Rebounding from economic shock: Check your city hall

Posted at 4:10 PM, May 08, 2020
and last updated 2020-05-08 21:27:32-04

MARLIN, TX — As many of us struggle to rebound from the economic catastrophe caused by COVID-19, the struggle has not gone unnoticed.

Some local governments have started adjusting their budgets and their incomes when it comes to customer utility payments.

In a country shell shocked by the economic effects of the pandemic, many of us can use a little help with bills that have started piling up.

If that's what you’re looking for, you might not have to look any further than your own city hall.

Like the virus itself, William Farmer got a shock from nowhere when his water bill came.

"I received a bill in the mail my water bill and my sewer, for 4-hundred dollars this month. What is my normal bill? About 160," he explained.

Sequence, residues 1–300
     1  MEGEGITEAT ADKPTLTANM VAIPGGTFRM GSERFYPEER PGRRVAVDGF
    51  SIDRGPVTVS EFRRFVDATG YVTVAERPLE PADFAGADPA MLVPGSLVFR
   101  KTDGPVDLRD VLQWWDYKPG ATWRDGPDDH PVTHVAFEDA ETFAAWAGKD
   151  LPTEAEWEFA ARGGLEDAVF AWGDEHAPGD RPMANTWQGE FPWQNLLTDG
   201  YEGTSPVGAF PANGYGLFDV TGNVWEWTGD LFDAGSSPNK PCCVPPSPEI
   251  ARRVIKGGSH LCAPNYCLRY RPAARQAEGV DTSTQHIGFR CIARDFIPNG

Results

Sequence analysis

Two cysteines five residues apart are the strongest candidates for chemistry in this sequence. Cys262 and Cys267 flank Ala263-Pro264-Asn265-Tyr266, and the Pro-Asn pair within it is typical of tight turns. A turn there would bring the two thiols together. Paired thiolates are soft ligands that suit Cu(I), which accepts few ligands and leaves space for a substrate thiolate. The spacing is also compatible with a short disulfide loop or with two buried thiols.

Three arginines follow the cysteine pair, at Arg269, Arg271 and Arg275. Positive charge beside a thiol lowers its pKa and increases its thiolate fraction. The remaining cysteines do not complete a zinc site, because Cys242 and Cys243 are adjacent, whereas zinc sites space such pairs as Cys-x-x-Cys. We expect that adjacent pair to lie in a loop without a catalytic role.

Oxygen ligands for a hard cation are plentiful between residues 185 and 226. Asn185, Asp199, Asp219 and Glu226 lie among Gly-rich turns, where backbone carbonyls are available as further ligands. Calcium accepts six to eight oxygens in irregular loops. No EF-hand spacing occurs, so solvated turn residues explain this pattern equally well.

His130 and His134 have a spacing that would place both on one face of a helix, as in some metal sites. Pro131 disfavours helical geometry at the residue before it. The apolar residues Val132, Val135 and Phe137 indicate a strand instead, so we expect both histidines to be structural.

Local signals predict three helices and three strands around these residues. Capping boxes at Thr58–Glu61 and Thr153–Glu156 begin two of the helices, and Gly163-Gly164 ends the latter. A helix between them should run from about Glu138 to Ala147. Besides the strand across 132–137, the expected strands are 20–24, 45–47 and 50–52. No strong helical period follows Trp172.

The retired architect panicked for a moment, but then wondered what caused the jump.

A call to City Hall got him the answers he needed.

His water use coincided with another problem.

"Two people that were living in my house that I was evicting, back in March, actually turned on some water outside my house and let it dribble or at least run for a couple of months," he said.

The act of vandalism set him back hundreds, but Farmers call to city hall also got him some much-needed help.

"Because of the COVID-19, what the city has done is basically we've given them 60 days, so they don't have to worry about, for two months, getting that water bill in," said Marlin City Manager Cedric Davis.

That's not all.

Marlin has suspended cutoffs on billed water service, and will help folks pay off their bills in installments from 6 months to a year.

"Everybody's struggling right now, so in any way we can somewhat ease that burden, until somebody can get back up on their feet so we're trying to do that," Davis explained.

This was good news to Bill Farmer who hopes to pay off the bill and try to make it up with conservation efforts over the next few months.

"We can't survive, if we start getting hit up with big bills," he said.

Not all cities can extend breaks like this because they’ve suffered from a loss in sales taxes as many of us stayed home and stopped spending.

So check with your city hall to see what they can do.